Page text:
Doddery old farts like that shouldn’t be allowed on the roads,’ he says to his colleague, Jagger. ‘Look at him he’s about eighty. He’s got a white stick. He’s probably blind.’

The gunman with the blue Ikea bag heads in the direction of the shopping district. It is strange, Boss thinks, how little notice people seem to take. It is as if they are all too used to seeing armed men in balaclavas running through the streets with heavy Ikea bags.

Boss moves his focus to footage from a bank of sixty-four cameras located in the centre of town in the comms suite of the municipal building. He is able to witness the masked man’s progress through the town on several cameras, past BetFred and BetterBet, past the Hungarian supermarket, past the bank of posters advertising the Psychedelic Furs reunion concert, through the park where the street drinkers assemble, into the square, past the fountain of Poseidon and into the smarter part of town. He passes the 61 bus stop by John Lewis, but then it is not clear where he goes. He disappears into a crowd of people that are watching a weathered-looking jazz trumpeter with a hunched back in a black coat and black trilby hat. It is unusual for a street musician to draw such a crowd. Jazzman’s audience grows by the minute. With the movement of the crowd, it is difficult to see what is going on. There is no sighting of the masked man emerging from the melee.

Boss tells Jagger to put out the word to bring the jazz trumpeter in for questioning.

There are no further sightings. He hopes that as the day wears on there will be more on the CCTV footage to view. Other than that, there are bound to be witnesses. Some public-spirited citizen will have noticed a man wearing a balaclava weighed down an Ikea bag. Surely. Perhaps he went into a shop. Perhaps one of the local premises is a front for some clandestine operation. Perhaps a number of the shops are fronts for clandestine operations. A lot of ethnic traders have moved in lately. He instructs his team to question all the traders in the area, threaten them if necessary.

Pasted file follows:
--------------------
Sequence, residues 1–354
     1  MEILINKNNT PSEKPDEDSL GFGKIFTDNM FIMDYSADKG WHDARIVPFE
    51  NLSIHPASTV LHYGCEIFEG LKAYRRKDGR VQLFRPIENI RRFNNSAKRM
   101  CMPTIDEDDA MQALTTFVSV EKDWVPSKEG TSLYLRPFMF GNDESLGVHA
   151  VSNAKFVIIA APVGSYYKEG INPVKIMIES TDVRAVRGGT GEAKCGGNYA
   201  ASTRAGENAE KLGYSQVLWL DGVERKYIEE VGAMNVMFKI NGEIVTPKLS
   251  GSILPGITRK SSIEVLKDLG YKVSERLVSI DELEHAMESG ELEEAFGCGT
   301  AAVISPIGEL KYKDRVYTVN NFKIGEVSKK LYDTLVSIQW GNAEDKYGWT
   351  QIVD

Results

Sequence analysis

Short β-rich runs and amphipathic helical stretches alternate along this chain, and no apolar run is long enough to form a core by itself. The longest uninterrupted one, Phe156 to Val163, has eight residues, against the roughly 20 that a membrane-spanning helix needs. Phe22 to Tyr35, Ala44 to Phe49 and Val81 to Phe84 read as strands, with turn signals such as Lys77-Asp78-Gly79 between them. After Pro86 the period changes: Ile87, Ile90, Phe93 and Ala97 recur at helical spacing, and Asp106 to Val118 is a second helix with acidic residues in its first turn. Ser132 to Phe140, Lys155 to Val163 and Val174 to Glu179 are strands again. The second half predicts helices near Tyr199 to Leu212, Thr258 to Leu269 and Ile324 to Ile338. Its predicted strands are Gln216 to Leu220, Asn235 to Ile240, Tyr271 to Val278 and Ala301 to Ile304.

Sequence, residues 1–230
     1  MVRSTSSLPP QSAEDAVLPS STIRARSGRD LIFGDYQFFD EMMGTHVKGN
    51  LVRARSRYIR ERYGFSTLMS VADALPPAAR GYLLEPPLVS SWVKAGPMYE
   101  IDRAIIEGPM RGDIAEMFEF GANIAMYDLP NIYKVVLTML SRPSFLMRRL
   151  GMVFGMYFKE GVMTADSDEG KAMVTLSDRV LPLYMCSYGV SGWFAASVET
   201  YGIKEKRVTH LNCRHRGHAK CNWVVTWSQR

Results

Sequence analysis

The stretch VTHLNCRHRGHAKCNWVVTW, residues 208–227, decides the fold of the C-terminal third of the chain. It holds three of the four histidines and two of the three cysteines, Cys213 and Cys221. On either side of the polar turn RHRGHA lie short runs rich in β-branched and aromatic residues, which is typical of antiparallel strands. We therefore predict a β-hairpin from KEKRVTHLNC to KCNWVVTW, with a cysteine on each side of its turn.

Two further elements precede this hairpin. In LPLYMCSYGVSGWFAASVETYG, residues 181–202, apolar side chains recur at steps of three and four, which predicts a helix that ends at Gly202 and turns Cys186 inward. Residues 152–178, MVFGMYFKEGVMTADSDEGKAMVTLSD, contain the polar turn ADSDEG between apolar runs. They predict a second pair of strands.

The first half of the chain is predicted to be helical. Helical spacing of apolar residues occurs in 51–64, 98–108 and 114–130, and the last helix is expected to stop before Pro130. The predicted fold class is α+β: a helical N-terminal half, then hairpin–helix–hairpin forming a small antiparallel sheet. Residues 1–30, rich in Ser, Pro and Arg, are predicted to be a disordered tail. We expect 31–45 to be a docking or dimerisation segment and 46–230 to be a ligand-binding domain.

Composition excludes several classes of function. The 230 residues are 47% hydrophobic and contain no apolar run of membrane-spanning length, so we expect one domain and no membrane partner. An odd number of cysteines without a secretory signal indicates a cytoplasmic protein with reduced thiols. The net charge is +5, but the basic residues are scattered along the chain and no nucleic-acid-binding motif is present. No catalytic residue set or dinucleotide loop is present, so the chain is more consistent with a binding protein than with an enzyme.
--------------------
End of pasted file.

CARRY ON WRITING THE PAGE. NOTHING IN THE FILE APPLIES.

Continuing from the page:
………………………………………………………………….…

Meanwhile, the jazz trumpeter too has disappeared. He has somehow avoided Boss’s men, who are now all over the west side of town. As it happens, with his gear packed into a makeshift box trolley, he is making his way to the Café Baba. He likes to relax here with a slice of orange and almond cake and a glass of mint tea, away from the afternoon crowds. Ahmed will usually have some mellow jazz playing. They might even have a bit of a jam later in the back.

Matt and Flavia are already there, discussing what to do with the bag. It is a quiet time of day at Café Baba and they are the only customers. The Gaggia machine is switched off. There is a faint smell of hashish. Behind the counter, Ahmed and his younger brother, Youssef are sharing a pipe. A tune by Mulatu Astatke’s Black Jesus Experience plays gently in the background. East African beats. This is free jazz. All about ideas, inspiration and improvisation.